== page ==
By: Irvin Jackson | Published: February 7th, 2013
A Novo Nordisk plant in Denmark has received a warning letter from U.S. drug inspectors, which indicates that injectable drugs manufactured at the facility may be at risk of contamination.
The FDA warning letter was released this week, highlighting serious quality control concerns at the plant that could lead to contaminated drugs. The FDA also warned that Novo Nordisk had failed to properly investigate whether a failed batch of an unidentified drug had been distributed to the public.
At the Novo Nordisk plant, the FDA noted that a batch of an unidentified drug was found to contain too many impurities. The company responded by saying it was due to residue from one drug adhering to equipment that was also used by another. However, the FDA said the company did not launch an investigation until the problem was brought to Novo Nordisk’s attention by an FDA inspector.
The letter also included concerns that the company’s workers failed to collect about 846 environmental monitoring (EM) samples that are a crucial part of making sure that sterile drugs are actually sterile and not being contaminated. The failures occurred between March 2010 and February 2012.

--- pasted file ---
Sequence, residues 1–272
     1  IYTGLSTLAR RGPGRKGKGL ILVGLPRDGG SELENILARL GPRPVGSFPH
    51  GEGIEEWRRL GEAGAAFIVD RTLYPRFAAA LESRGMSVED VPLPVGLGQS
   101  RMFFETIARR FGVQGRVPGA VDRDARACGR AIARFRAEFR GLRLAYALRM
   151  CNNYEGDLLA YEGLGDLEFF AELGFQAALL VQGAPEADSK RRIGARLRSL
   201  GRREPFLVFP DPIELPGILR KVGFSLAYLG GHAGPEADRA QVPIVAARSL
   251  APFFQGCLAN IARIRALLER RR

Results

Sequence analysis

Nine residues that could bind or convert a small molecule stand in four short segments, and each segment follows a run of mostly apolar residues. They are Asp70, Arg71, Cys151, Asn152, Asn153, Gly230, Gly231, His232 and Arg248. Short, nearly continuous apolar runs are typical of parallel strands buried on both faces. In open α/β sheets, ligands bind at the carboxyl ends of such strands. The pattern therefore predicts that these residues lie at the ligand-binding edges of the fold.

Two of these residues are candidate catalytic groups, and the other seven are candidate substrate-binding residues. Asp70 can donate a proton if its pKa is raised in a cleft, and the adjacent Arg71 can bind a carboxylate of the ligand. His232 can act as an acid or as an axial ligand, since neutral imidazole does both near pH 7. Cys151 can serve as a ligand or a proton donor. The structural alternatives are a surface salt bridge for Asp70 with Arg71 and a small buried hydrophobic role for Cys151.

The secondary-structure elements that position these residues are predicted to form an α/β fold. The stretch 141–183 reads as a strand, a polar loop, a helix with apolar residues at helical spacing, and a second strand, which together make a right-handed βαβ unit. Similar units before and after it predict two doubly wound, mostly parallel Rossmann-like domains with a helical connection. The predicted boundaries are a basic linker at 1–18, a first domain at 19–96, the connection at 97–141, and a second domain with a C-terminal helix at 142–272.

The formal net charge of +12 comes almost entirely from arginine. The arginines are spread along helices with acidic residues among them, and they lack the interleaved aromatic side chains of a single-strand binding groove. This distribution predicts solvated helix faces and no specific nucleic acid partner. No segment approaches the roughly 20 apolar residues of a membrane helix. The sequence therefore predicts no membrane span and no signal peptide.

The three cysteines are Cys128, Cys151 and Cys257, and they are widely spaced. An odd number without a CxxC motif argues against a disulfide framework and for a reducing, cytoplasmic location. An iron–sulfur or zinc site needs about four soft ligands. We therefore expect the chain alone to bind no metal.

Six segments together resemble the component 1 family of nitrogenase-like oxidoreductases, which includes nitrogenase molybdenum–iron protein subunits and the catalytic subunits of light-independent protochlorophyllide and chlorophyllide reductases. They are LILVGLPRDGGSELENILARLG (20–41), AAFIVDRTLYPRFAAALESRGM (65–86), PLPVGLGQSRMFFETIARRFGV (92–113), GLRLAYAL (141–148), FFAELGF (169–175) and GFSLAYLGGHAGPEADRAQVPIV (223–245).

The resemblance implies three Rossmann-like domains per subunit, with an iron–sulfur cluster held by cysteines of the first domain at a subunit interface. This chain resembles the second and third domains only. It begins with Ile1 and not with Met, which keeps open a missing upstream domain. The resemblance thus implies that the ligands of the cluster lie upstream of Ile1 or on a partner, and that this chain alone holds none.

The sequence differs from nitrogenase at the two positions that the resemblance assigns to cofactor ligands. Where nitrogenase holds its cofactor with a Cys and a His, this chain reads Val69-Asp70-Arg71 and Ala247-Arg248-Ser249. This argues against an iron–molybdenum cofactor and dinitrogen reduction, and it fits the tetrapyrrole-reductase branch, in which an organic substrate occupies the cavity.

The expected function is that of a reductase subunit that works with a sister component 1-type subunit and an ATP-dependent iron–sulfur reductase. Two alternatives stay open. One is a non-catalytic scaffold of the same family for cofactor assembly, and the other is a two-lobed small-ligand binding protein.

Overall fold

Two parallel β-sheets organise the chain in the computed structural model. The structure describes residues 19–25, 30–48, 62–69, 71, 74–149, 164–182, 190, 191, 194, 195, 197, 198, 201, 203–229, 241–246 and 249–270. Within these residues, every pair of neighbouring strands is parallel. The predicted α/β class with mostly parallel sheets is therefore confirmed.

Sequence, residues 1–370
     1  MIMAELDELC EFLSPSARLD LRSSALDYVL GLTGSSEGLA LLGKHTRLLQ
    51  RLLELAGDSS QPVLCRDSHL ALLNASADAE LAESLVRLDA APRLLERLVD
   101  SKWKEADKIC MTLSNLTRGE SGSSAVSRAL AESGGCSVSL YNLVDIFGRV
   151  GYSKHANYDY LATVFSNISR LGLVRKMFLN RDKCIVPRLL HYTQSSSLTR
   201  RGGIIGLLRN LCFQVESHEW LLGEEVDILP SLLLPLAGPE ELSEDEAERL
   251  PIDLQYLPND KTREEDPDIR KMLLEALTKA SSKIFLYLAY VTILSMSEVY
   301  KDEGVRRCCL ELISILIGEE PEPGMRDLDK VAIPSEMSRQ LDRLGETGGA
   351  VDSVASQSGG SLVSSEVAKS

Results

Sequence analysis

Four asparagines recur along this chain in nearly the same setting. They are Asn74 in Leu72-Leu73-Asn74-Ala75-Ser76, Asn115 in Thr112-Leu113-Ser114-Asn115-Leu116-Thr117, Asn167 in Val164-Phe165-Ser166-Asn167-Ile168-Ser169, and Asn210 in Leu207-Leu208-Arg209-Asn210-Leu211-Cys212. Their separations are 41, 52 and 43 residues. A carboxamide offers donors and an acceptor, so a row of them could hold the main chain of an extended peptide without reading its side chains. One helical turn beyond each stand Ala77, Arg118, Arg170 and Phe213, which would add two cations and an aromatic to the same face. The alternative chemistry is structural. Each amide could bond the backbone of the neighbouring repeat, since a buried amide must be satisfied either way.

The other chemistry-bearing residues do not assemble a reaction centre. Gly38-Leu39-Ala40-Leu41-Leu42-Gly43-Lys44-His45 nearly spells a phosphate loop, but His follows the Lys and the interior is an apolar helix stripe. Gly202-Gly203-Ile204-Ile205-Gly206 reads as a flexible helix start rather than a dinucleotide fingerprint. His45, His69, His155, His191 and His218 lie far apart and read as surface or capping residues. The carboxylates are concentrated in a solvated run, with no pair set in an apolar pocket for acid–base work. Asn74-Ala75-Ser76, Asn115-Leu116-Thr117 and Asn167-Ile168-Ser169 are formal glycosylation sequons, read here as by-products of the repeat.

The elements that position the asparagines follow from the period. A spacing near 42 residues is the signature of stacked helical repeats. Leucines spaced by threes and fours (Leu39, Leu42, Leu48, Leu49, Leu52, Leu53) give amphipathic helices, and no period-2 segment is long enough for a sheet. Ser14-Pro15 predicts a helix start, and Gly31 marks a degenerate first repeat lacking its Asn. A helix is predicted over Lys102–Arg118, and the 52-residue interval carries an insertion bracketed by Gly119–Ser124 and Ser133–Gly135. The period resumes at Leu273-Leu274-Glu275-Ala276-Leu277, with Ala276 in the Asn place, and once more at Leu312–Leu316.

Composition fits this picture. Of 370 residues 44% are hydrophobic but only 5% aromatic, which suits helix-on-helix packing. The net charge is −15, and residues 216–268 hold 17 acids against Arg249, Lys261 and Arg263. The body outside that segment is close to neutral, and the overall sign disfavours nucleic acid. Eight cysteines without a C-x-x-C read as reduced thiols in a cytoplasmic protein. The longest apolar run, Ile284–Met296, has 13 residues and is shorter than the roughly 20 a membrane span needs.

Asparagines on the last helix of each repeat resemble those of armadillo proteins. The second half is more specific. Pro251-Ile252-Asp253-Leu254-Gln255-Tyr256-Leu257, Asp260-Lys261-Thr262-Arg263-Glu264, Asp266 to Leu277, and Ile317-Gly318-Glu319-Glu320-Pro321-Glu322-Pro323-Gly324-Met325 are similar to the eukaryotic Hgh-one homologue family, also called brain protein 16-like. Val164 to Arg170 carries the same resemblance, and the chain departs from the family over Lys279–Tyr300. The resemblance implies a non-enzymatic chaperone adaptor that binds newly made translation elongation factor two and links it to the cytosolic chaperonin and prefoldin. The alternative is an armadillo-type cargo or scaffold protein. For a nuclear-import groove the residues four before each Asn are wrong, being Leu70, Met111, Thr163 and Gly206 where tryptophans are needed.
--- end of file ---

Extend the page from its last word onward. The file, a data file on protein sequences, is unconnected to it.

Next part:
“The substantial number of missed samples suggests a pattern that raises concerns regarding your environmental program,” the warning letter states. “Collecting scheduled EM samples is a critical aspect of any environmental control program at an aseptic manufacturing facility.”
The letter also cites the company for goggles worn by workers operating inside the sterile area of the plant that are not sterilized, but only sanitized. It also complained that the goggles have openings in them which could threaten the sterility of the area.